Boys have to be taught to treasure girls. We tell our boys, “To hold a girl’s hand is for more than making her heart flutter. To take her hand means she is in your care. When you are in the company of a girl, her safety is your responsibility. Respecting her boundaries is your responsibility, too. If she doesn’t have proper boundaries, she’s not the girl for you. Take her home…. Quickly.”

We teach our boys that when they find themselves interested in getting to know a girl, it is as important that they get to know her family, too. We tell them, “If you like the girl, but can’t stand her family, that will be a problem.” We also tell them, “She needs to be around your family, too. A lot. She needs to fit in with your family. We’re not going anywhere.”

And what about our girl? She is a carefully guarded commodity. It’s a double standard and we know that. We don’t care. At fifteen, she’s never been on a date, to a dance, had a boyfriend. And guess what? She’s still alive and well, and all the better for it. She doesn’t spend hours on end pining away for some boy. And if there is a boy out there who thinks he’s good enough to take her out, he’s wrong. The boy who thinks he is not good enough… that’s the one who’ll have a chance with her… one day. Why? It’s not because we think she’s perfect, we know she’s not—remember? But the one who treasures her enough to think he is not worthy, just might be.

Parenting our kids when they were little was a challenge. Yet truly, it was child’s play compared to parenting them as young adults. The decisions they make now are for keeps. I know I haven’t shared much in this piece, but these are the things on my heart to share right now. Perhaps I can share more another time. Again, I don’t put these things out there because I think Matthew and I have a lock on parenting. I share these things because as parents, we need to be in this thing together. Our kids matter, and we need to try to get it right.

Do Not Be Deceived

The Bible says a whole lot of things. One thing it tells us is not to be deceived. All who are deceived think they are not, but then isn’t that the whole deal with deception? The one who is deceived has no idea that they, in fact, have been hoodwinked. They will stake everything on the fact that the very lie they have been lead to believe, is in fact, true. But they are wrong. The Bible warns us that Satan is the Deceiver. He’s been deceiving us from the beginning of time. And many times, Adam and Eve included, people have believed his lies. So what are we, mere mortals with deceivable brains, supposed to do? How can we fight against an enemy who seems to have the advantage of supernatural cunning and trickery?

We have to get out ahead of him. We must have discernment. We must seek the truth of the Scriptures. We have to pay attention to the world around us, and the changes that come so subtly that most don’t notice. We are easily distracted. He grabs our attention over there, while quietly yet effectively changes things over here through people who have been successfully… deceived. Then by the time we are engaged again with what’s happening, it’s too late.

The trial of Dr. Kermit Gosnell, the abortion doctor who is charged with killing five people, has gone mostly unnoticed by the media and the public at large. We weren’t paying attention. The truth is, that if most of us knew what really went on in many abortion clinics, we’d be sick. But we have been deceived. Dr. Gosnell is charged with killing one adult and four viable babies aborted in his clinic. It’s crazy. I read about a hospital where an aborted baby was born alive. It was placed outside the Neonatal ICU to die, while inside, other babies, wanted babies, were receiving the best of medical care to save their lives. One life deemed worthless, while others deemed precious. Who gives us the power to make those decisions? Life is precious and should be protected. But the Deceiver asks, “What about the life of the mother? Isn’t that precious?” You show me a mother who would put her life over the life of her child, and I’ll show you a very deceived person. “Okay,” the Deceiver says, “but what about rape? Surely no one could love a life brought about by rape.” So we are willing to say that just because man meant it for evil, God cannot mean it for good? Man chooses when to have sex, God chooses when to bring life from that union.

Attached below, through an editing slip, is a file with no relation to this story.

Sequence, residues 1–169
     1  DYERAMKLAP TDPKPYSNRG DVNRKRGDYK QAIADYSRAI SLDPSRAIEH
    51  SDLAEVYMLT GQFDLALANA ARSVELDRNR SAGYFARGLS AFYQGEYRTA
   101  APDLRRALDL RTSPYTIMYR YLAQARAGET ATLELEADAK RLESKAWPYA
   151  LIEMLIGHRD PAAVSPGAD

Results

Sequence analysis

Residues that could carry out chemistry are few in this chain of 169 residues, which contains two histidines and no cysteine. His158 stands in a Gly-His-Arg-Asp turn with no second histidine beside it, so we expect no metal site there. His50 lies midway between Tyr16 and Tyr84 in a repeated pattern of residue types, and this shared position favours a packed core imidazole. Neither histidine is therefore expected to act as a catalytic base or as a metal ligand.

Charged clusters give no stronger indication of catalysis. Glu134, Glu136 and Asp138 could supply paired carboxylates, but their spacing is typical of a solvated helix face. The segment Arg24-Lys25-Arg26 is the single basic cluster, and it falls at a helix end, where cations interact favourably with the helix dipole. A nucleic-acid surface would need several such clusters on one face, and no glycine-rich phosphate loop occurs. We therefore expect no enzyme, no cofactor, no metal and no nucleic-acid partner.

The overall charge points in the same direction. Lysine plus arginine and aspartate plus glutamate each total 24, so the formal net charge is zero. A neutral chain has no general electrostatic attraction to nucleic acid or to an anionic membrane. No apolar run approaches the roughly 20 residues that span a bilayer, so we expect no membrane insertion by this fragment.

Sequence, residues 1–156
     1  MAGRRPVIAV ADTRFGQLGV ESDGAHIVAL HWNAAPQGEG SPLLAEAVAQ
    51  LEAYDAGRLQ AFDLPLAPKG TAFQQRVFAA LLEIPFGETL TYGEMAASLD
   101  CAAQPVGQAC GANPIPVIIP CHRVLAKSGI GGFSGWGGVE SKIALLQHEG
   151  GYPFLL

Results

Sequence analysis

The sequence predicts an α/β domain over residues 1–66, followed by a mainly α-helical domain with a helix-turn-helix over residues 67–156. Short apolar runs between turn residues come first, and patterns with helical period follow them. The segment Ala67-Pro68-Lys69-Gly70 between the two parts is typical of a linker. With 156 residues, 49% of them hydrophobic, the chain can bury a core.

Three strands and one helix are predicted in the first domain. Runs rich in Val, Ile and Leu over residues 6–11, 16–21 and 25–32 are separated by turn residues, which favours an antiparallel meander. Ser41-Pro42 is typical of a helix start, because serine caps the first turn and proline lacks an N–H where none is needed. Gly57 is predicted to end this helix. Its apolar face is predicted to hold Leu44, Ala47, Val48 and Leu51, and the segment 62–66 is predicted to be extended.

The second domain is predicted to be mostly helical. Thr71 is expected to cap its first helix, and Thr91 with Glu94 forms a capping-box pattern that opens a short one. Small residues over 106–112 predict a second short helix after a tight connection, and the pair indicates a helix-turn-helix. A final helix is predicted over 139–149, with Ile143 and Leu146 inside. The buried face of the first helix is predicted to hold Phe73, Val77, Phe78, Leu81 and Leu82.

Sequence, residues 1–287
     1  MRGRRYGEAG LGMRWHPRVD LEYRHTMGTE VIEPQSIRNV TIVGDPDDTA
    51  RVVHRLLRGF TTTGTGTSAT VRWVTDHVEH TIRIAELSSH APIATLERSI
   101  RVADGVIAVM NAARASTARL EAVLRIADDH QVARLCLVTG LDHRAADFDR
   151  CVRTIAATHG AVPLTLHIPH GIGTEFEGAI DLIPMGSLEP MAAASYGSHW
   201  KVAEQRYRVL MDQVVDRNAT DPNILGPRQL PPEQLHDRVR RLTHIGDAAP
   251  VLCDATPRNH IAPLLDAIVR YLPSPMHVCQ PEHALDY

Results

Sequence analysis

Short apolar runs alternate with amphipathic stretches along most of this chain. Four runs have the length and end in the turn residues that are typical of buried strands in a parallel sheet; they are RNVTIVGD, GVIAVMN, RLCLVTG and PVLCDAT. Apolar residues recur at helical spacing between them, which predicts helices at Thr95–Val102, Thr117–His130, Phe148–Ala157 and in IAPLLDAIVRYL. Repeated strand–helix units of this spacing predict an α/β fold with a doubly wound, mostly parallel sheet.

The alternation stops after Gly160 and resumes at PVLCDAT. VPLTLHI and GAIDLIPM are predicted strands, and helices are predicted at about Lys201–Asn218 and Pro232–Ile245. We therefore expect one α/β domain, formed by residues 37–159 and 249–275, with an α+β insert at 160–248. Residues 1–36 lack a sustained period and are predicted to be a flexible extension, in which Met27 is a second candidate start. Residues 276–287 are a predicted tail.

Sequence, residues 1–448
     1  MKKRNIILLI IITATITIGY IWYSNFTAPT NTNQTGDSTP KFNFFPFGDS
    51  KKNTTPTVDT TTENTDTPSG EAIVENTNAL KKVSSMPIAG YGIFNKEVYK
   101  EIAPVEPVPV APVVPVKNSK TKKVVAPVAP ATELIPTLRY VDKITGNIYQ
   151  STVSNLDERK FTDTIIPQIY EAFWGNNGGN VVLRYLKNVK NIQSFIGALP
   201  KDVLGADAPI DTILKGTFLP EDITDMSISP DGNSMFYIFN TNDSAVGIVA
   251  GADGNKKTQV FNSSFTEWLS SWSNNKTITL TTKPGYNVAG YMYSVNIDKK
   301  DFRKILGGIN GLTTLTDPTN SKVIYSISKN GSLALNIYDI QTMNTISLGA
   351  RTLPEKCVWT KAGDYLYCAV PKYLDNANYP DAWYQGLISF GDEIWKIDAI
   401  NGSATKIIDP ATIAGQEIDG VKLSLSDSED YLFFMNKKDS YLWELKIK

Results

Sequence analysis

Okay, what about marriage? There are now ten states in the United States that have legalized same sex marriage. Ten. States. We have been deceived into thinking that we have the right to define marriage. My, aren’t we something? God must have had it wrong when he said, “For this reason a man will leave his father and mother and be united to his wife, and the two will become one flesh.” (Ephesians 5:31)

That, in effect, is marriage defined. I’m not even going to talk about homosexuality here. I’m talking about marriage. We are being deceived into thinking that the very One who defined it, instituted it, made it holy and spiritual, is wrong, and that there is nothing inherently wrong with redefining it to mean what sounds more loving and tolerant. “Marriage is about commitment, and love. Does it really matter who the commitment and love involve? The world, the Deceiver, would like for us to believe there isn’t. Oh, it’s mostly about benefits and such, really. And aren’t we a country based on equality for all? Well, aren’t we?

And what about freedom of religion? It’s beginning to sound more and more like we have freedom from religion in this country. Often, Christians are being portrayed as obtuse, close-minded, uneducated, bumbling fools. We are the unenlightened ones. We cling to religion because we cannot think for ourselves. Bit by bit, the religious freedoms we have enjoyed in this country are being taken from us. Many Christian’s believe that the Christian thing to do is to be meek, but they mistake meekness for weakness. Christians are still part of “We the People…”

So how do we get out ahead of the enemy, the Deceiver? We actively seek truth. We pray for eyes to see, and ears to hear. We pray for discernment and wisdom. And we align ourselves with others who are doing that as well. Have you heard of the Manhattan Declaration? You might want to check it out. You might even want to sign it yourself. A group of Christians, Orthodox, Catholic, and Evangelical, have come together, and in one document, stated what they believe is truth from God’s word on life, marriage, and religious freedom. They have managed to put away the things they disagree on, focus on these things that matter, and that if we are not careful, will be gone forever. I’m inviting you to visit www.manhattandeclaration.org. Read the declaration. Be encouraged by it. Know that there are others who are refusing to be deceived. It’s not the popular position on these issues during these modern, enlightened times. But it’s time more believers started getting out in front of the enemy. We must not be deceived.

Be sober-minded; be watchful. Your adversary the devil prowls around like a roaring lion, seeking someone to devour. (1 Peter 5:8)